As for the offense -- the Indians are of course known for their pitching -- but last season they quietly ranked second in the AL in runs scored. Most notably, they've signed Edwin Encarnacion to take over at first base, and he'll indeed move the needle for the Cleveland attack. As well, there's also the promise of a healthy Michael Brantley in 2017. Last season, shoulder problems limited Brantley to just 11 games but he is not far removed from a 2014-15 peak that saw him put up an OPS+ of 139 while stealing 38 bases in 40 attempts.
The Indians will once again have one of the best offenses in baseball. Given health, the run-prevention corps should be similarly impressive. It's possible the Indians in 2017 will win their division by the largest margin in all of baseball.
First, the necessary qualifier: The Texas Rangers have won consecutive AL West titles, and they're of course not to be dismissed in 2017. However, the Rangers in 2016 outplayed their run differential by an astounding 13 games. It's not as simple as saying they were wholly lucky last season, but some degree of luck abetted their division title run.
The Astros, meantime, will benefit from a full season of Alex Bregman in 2017, and Carlos Correa's second-half surge bodes well moving forward. Brian McCann is on board to stabilize the catcher role moving forward and Carlos Beltran directly addresses the weak spot at DH. Last season, Houston DHs combined to hit just .218/.299/.378, and Beltran, even going into his age-40 campaign, will almost certainly upgrade those numbers in a big way. Elsewhere, Josh Reddick and Nori Aoki will improve Houston at the outfield corners. Among Yulieski Gurriel, A.J. Reed and Tyler White they can perhaps cobble together solid production from first base.
On the pitching front, the Houston bullpen profiles as one of the best in baseball. The rotation, though, is less certain. The addition of Charlie Morton and his strong groundball tendencies will be a good fit for the Houston infield and its frequent overshifts. Better health for Lance McCullers will also be key. More generally, though, the Astros could be in line for better results from the rotation fronted by 2015 AL Cy Young winner Dallas Keuchel.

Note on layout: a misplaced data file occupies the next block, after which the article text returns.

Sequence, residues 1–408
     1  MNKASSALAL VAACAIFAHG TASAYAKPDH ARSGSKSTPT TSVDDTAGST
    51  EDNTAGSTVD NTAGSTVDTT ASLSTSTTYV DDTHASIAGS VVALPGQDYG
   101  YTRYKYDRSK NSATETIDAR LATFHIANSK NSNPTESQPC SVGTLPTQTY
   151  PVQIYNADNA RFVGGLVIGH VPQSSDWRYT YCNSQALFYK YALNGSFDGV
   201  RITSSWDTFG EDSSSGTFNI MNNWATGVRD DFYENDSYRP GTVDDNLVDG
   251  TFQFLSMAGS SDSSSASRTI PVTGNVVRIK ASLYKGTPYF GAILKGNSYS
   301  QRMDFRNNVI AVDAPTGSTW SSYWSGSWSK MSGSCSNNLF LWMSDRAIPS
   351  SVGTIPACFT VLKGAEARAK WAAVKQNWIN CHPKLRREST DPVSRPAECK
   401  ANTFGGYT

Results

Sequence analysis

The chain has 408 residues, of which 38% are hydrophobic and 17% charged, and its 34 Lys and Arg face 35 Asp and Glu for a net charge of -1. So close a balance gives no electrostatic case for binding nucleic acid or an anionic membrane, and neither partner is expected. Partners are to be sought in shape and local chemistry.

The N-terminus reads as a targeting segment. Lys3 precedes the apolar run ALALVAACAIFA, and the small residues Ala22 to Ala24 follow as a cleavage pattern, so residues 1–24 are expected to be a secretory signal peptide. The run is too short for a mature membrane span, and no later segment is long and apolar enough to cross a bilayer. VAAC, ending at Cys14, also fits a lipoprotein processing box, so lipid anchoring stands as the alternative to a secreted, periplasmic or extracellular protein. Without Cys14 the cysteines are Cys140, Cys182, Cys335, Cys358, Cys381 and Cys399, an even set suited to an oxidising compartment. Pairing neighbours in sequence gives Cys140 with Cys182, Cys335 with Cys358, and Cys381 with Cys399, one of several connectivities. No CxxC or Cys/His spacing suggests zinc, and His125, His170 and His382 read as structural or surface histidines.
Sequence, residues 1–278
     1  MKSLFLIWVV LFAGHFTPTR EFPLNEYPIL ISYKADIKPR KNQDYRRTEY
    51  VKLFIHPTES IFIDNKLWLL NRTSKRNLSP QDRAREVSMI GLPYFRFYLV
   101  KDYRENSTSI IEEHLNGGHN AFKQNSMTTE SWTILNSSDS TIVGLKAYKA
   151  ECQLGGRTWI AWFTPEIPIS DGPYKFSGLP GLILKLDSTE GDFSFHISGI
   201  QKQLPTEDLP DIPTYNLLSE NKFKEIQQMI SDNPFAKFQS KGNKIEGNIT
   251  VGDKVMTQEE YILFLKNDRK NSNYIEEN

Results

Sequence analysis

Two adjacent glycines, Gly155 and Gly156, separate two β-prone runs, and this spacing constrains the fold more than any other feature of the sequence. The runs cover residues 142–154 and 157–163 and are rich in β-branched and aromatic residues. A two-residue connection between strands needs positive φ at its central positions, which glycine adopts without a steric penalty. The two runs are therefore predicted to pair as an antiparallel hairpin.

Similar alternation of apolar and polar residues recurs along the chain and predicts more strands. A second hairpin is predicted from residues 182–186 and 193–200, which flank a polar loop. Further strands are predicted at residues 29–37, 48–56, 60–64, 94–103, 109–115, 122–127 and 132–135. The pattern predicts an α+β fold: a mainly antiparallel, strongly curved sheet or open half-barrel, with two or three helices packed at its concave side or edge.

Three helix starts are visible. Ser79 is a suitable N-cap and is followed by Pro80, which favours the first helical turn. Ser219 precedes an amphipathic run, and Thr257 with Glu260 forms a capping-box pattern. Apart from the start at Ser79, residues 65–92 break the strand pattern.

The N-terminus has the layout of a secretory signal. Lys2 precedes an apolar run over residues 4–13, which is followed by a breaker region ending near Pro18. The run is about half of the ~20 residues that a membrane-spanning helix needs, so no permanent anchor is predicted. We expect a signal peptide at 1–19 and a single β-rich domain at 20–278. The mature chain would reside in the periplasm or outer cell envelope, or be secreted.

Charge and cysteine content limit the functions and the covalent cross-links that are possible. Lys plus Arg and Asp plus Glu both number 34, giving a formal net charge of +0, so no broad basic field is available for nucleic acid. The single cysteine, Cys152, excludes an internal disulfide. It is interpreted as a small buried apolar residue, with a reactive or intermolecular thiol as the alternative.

Last season, the Houston starting corps ranked a middling eighth in the AL in rotation ERA. However, when you look at fielding-independent pitching (FIP) the Astros' rotation ranked a more impressive fifth in the AL with very little distance between them and the third- and fourth-place rotations. That's significant. FIP is scaled to look like ERA but reflects just those outcomes that have nothing to do with fielding -- i.e., strikeouts, walks and home runs allowed. As such, it's a better measure of raw pitching skill than ERA is. More to the point at hand, it's better at predicting future ERA than is ERA itself. On those grounds, the Astros' rotation should perhaps expect better results in 2017 based on positive regression alone.
The young core of position players plus the upgrade at DH and the outfield corners plus likely better results from the rotation mean the Astros should be one of the best teams in baseball in 2017. The same, as noted, goes for the Red Sox and Indians.
Obviously, baseball is built to defy our expectations, but at this early juncture the AL looks to be a grappling match among the three teams explored herein -- three superpowers, if you will. Such bold pronouncements are subject to change, of course.